Mile 1.2 (11.8)  There are several opportunities for views of the surrounding valley, some with evidence of strip mining and some of undisturbed mountainside (2,934 feet).

Mile 1.7 (11.3)  Turn right onto an ATV road and proceed 0.1 mile. The trail leaves the road to the right at Bunch Gap (2,920 feet).

Mile 2.6 (10.4)  Turn right onto another ATV road and descend until reaching a gravel road with a CT signpost. Although this road is somewhat improved and often used by ATV riders, it does not provide adequate access to the CT.

Mile 2.8 (10.2)  The trail parallels and crosses the gravel road several times over the next mile. From the CT signpost (2,919 feet), proceed straight on the gravel road and within 300 feet reach an intersection with another CT signpost. The trail continues on the north side of the intersection for 0.2 mile until reaching the same gravel road with another signpost.

Mile 3.0 (10.0)  Turn left onto the gravel road and in 60 feet turn left off the road. Ascend a ridge at 2,967 feet with more nice views. The New River Segment was completed in 2009 and the great voluneer trail work is evident on this section of the trail.

Mile 3.4 (9.6)  Cross the road and climb the ridge on the east side of the road (3,062 feet). Then descend slightly and once again reach the road and a CT signpost.

Mile 3.9 (9.1)  The trail is marked with a double blaze; turn left and descend several switchbacks (3,038 feet).

Mile 4.1 (8.9)  The trail again reaches the road marked by a CT signpost (2,990 feet). Turn right onto the gravel road. The trail follows the road as it traverses the spine of Smoky Mountain.  The elevation is fairly consistent, providing easy hiking with views of the surrounding mountains.

Mile 5.5 (7.5)  Follow the blazes uphill to a road intersection (3,907 feet). The trail veers left and begins a descent on an ATV road (3,110 feet).

Mile 6.1 (6.9)  Cross under a power line (3,030 feet), and continue north on the road and ascend to an ATV-frequented area northwest of Grassy Gap.

Mile 6.9 (6.1)  Continue on the ATV road and enter the large, flat grassy area known as “Grassy Gap” (3,013 feet).

Mile 7.3 (5.7)  The CTC has constructed a bypass trail on the righthand side of the heavily used, muddy ATV road (2,925 feet). The trail is a narrow opening but can be followed by watching the blazes.

Mile 7.4 (5.6)  Leaving Grassy Gap, begin a series of switchbacks reaching a pond (2,929 feet). Although this provides a nice lunch spot or break area, do not obtain any water here as it is likely polluted from coal mining in the area. After passing the pond, the trail continues a descent into the Straight Fork watershed.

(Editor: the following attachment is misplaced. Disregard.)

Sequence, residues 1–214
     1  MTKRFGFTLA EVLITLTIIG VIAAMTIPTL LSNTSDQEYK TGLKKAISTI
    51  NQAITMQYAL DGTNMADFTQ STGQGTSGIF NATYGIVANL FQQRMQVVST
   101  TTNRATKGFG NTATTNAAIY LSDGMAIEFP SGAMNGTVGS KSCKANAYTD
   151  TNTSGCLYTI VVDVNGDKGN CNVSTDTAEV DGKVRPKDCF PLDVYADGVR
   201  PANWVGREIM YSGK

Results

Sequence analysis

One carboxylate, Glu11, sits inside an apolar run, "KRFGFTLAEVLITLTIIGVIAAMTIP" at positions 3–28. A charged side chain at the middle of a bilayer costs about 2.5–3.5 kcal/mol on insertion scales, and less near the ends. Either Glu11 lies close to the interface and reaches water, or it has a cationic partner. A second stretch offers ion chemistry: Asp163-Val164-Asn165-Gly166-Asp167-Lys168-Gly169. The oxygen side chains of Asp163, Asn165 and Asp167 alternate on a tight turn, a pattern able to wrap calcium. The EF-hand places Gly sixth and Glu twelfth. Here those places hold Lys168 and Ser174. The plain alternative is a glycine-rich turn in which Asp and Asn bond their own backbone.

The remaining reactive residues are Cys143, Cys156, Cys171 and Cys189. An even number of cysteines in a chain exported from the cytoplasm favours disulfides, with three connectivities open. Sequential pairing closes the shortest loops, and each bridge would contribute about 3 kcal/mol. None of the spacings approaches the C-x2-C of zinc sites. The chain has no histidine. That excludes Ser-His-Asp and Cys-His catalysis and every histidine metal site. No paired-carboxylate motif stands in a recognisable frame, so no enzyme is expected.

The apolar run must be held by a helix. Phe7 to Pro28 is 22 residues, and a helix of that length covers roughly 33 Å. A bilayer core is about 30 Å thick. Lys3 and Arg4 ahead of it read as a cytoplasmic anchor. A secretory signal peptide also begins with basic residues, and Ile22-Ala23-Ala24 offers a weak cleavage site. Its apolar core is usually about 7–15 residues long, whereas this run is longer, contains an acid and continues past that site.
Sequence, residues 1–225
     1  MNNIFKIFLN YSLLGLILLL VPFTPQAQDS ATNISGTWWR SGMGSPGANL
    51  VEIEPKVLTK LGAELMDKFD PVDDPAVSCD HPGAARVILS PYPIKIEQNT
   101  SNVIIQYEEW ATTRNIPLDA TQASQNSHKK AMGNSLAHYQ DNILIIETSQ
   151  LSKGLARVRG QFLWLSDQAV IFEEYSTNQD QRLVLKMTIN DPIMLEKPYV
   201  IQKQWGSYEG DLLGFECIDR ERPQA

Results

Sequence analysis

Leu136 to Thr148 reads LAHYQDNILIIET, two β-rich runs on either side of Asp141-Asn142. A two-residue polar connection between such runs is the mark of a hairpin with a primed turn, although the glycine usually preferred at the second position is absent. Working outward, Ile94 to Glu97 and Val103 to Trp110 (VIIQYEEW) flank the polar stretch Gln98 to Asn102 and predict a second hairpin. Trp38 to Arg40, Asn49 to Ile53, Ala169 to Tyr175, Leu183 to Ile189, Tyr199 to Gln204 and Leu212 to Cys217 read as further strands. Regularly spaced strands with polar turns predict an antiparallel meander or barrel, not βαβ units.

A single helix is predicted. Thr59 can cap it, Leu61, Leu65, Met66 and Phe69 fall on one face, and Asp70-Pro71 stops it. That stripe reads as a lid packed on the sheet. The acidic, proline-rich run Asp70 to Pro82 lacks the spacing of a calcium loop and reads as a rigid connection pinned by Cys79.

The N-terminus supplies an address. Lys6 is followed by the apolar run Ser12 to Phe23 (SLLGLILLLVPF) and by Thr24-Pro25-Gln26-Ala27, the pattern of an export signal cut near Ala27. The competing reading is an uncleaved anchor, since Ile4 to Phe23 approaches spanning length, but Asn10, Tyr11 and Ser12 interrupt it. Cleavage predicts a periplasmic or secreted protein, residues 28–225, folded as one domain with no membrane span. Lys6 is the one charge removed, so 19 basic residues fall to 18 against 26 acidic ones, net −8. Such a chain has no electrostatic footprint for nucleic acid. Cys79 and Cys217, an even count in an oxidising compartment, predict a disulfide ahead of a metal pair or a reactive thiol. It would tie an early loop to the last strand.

Pond near base of Arch Mountain (Bobby Trotter)

Pond near base of Arch Mountain (Bobby Trotter)

Mile 8.0 (5.0)  The shaded, cool cove against Arch Mountain (2,730 feet) is welcome after the exposed, dry ridgeline of Smoky Mountain. There are numerous flowing creeks suitable for drinking after treating and spots for LNT camping.

Mile 8.6 (4.4)  A beautiful cascade in a side creek offers a nice photo opportunity as well a good water source (2,098 feet).

Mile 9.0 (4.0)  Cross Straight Fork (1,694 feet), paying extra attention to the unusual amount of slime on the rocks so you don’t slip. Turn left and ascend to a logging road.

Mile 9.1 (3.9)  Cross the logging road and veer left along the base of Smoky Mountain, staying on the east side of Straight Fork.

Mile 9.3 (3.7)  The sound of rushing water invites you to turn right 25 yards from the trail for another cascade in a side creek. This is a nice LNT campsite or a great area for a break.

Mile 9.8 (3.2)  The trail continues to descend until reaching a nice flat wooded area for another LNT campsite (1,560 feet) beside Straight Fork.

Mile 10.0 (3.0)  Cross a footbridge over Straight Fork, and then cross a gravel road and turn uphill, staying on the west side of Straight Fork along the base of Arch Mountain’s eastern slope.

Footbridge over Straight Fork Creek (Bobby Trotter)

Footbridge over Straight Fork Creek (Bobby Trotter)

Mile 10.1 (2.9)  The trail reaches a small bridge over an orange-colored creek. The creekbed and rocks have been stained from sulfides leached from an abandoned coal mine; do not take any water here.

Mile 10.4 (2.6)  The trail merges onto a railroad bed that was used to move coal from these mountains.

Mile 10.5 (2.5)  The trail enters a strip mine reclamation area at the base of Arch Mountain (1,418 feet).

Mile 11.0 (2.0)  There is a small creek crossing and another visible cascade worth stopping for another photograph.

Mile 11.5 (1.5)  The trail moves away from the creek and ascends into a wooded area.

Mile 11.6 (1.4)  Continue on the trail, taking a sharp left up a ravine before reaching a flat area LNT campsite.

Mile 11.9 (1.1)  Traverse downhill, leaving the north end of the strip mine reclamation area. Cross a road and continue downhill before reaching an old railroad bed beside Smoky Creek (1,319 feet).

Mile 12.3 (0.7)  The trail provides a peaceful and easy walk next to the creek.

Mile 12.9 (0.1)  There is no bridge for crossing Smoky Creek, so a ford is necessary. Look for the shallowest route as the water whitecaps over the rocks.

Mile 13.0 (0.0)  The trail emerges on Smoky Creek Road. This is the northern terminus of the Arch Mountain Section (1,308 feet). The southern end of the Lawson Mountain Section is directly across the road.

Bobby Trotter, Smoky Mountains Hiking Club